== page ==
High power MOSFETS having low on-resistance and relatively high breakdown voltage are known and are typically shown in any of the related applications referred to above. Thus, the device of co-pending application Ser. No. 178,689 provides a high power MOSFET device with low forward resistance and high packing density for individual cell elements which are connected in parallel to form the device. Moreover, the device can be made with D-MOS fabrication techniques and has a relatively low gate capacitance.
The individual cells of known devices have respective source regions which are polygonal, and are preferably hexagonal, to ensure a constant spacing between the major lengths of adjacent sources disposed over the surface of the chip of wafer. Each of the hexagonal regions has a width measured perpendicularly to the two opposing sides of the hexagon which they define of less than about 1 ml and are spaced from one another by about 0.6 mil when measured perpendicularly between the adjacent straight sides of adjacent polygonal regions. An extremely large number of small hexagonal source elements may be formed in the same surface of the semiconductor body for a given device. For example, 6,600 hexagonal source regions have been formed in a chip area having a dimension of about 100 by 140 mils to produce an effective channel width of about 22,000 mils. This produces a device having very high current capacity and low forward resistance.
A polysilicon gate may be used which has a hexagonal grid-like configuration which is disposed atop a corresponding gate oxide layer. Each leg of the gate oxide grid overlies two spaced channels which are capable of inversion by application of a voltage to the polysilicon gate. The gate structure is then contacted over the upper surface of the device by symmetric, elongated gate contact fingers which ensure good contact over the full surface of the gate.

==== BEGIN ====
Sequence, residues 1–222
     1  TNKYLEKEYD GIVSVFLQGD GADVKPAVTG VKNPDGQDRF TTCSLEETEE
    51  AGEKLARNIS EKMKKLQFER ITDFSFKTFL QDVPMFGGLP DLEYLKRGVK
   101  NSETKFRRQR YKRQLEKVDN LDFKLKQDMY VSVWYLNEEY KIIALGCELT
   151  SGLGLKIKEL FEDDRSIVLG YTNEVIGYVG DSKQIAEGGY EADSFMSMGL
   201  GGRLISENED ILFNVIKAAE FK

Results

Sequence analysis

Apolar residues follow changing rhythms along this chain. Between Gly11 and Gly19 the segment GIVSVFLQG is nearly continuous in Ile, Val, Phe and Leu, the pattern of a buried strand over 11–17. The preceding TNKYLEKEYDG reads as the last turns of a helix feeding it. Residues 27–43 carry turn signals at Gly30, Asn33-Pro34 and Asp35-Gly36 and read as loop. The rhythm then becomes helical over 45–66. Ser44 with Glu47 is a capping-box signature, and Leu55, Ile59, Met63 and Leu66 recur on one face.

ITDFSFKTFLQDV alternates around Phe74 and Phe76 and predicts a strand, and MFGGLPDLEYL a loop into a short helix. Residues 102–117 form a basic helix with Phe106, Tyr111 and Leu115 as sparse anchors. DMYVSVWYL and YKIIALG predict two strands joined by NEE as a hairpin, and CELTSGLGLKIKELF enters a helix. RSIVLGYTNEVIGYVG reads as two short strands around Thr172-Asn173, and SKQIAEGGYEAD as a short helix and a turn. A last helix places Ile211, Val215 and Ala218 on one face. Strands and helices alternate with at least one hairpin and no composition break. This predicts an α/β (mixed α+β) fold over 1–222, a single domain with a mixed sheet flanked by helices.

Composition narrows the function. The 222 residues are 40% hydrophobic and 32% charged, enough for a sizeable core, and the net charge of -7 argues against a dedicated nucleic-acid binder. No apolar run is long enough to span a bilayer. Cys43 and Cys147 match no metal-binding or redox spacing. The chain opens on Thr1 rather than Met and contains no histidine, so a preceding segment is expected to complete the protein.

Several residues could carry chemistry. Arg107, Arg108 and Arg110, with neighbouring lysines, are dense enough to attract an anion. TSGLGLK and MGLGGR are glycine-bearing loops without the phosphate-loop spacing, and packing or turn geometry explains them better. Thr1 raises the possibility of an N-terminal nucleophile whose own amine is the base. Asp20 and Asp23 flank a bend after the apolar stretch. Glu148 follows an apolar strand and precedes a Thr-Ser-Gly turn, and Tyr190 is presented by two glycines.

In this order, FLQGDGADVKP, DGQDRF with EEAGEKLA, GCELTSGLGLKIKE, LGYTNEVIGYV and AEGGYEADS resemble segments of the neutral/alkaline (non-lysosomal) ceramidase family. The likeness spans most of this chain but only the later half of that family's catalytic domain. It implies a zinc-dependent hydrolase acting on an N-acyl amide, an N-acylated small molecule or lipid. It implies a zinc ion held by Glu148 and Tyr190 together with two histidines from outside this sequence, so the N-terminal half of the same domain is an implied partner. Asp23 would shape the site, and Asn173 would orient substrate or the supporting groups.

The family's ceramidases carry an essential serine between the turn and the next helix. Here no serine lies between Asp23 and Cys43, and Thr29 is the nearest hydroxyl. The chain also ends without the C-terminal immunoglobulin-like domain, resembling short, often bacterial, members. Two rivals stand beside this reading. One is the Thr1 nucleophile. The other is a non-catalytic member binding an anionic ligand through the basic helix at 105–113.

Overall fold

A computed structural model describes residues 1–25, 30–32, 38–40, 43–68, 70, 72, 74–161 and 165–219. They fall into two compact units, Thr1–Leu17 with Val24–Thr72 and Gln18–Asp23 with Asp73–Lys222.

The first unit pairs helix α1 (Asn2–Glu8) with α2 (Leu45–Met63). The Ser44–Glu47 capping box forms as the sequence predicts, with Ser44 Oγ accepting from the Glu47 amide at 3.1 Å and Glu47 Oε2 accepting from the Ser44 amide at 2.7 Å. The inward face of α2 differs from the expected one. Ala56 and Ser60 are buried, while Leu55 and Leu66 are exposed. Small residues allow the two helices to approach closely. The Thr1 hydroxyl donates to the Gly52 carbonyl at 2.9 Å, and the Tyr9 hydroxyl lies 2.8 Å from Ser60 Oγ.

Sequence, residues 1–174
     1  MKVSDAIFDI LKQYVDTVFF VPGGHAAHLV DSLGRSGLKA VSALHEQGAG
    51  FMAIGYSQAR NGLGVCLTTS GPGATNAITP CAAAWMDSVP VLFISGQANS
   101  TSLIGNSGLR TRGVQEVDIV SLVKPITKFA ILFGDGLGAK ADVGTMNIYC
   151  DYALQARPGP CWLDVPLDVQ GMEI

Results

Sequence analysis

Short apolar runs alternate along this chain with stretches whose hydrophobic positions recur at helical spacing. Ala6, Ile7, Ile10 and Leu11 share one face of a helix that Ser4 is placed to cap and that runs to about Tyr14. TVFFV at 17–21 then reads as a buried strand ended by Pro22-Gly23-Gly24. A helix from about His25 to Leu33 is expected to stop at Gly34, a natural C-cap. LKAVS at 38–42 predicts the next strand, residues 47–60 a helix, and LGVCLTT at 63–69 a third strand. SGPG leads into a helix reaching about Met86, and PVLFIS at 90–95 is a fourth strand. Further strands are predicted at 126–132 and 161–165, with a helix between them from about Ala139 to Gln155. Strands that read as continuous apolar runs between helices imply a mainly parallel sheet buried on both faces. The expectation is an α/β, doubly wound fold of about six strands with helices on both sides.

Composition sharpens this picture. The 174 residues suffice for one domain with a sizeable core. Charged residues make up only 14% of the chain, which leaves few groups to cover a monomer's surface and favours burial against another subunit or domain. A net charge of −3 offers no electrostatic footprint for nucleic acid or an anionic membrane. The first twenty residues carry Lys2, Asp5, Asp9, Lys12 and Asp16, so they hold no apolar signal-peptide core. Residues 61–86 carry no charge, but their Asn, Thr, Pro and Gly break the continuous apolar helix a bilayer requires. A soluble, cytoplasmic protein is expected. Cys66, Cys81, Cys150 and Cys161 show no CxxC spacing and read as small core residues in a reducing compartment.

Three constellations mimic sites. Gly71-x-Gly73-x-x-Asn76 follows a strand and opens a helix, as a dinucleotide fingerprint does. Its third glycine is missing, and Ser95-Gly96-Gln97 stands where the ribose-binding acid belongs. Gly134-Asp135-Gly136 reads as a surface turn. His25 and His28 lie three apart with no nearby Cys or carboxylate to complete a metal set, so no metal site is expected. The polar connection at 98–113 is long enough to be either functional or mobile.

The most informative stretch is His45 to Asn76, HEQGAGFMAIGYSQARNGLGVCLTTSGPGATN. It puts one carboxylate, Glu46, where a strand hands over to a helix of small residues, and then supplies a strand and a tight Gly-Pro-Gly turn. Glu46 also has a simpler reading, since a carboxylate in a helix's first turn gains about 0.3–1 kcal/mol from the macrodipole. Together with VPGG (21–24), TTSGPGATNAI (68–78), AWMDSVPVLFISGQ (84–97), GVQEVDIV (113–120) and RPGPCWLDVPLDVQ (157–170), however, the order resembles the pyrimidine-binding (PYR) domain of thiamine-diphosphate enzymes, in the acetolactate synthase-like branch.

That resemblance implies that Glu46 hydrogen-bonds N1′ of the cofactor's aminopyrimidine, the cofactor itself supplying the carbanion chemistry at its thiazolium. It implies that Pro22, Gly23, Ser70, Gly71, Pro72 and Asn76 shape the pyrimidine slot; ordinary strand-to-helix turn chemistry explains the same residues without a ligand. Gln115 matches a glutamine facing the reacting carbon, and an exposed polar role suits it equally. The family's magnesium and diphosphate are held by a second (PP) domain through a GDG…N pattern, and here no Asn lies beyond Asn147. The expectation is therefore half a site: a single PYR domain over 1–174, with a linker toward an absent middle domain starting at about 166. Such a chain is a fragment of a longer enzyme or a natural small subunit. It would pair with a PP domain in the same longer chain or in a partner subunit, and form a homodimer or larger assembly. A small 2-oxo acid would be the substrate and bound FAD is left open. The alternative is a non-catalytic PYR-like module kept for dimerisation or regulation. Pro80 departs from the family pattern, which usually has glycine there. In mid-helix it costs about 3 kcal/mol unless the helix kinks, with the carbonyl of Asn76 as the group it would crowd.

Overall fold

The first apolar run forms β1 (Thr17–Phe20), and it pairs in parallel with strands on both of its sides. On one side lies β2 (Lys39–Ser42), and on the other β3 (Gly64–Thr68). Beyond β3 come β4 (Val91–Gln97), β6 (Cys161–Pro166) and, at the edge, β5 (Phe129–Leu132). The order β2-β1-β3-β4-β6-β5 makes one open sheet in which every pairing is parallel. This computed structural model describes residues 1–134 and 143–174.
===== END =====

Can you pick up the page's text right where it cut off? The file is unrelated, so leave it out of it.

Each of the polygonal source regions is contacted by a continuous conductive source contact layer or sheet which engages the individual polygonal sources through openings in an insulation layer covering the source regions. These openings can be formed by conventional D-MOS photolithographic techniques. A source pad connection region is then provided for the source conductor and a gate pad connection region is provided for the elongated gate fingers. A drain connection region is made to the reverse surface of the semiconductor device.
During conduction, current from the individual source regions flow through the surrounding respective channels into the upper web-shaped portion of the common region which extends vertically through the thickness of the chip to the bottom drain electrode. Preferably, the upper portion of this web has a high conductive in order to decrease the on-resistance of the device by reducing spreading resistance and bulk resistance. The higher conductivity also reduces the effect of the parasitic bipolar transistor formed by the three alternate conductivity regions which is inherently defined in the device. Preferably, this high conductivity common region has a constant impurity concentration laterally across the full width of the device, as is disclosed in above-noted co-pending application Ser. No. 178,689.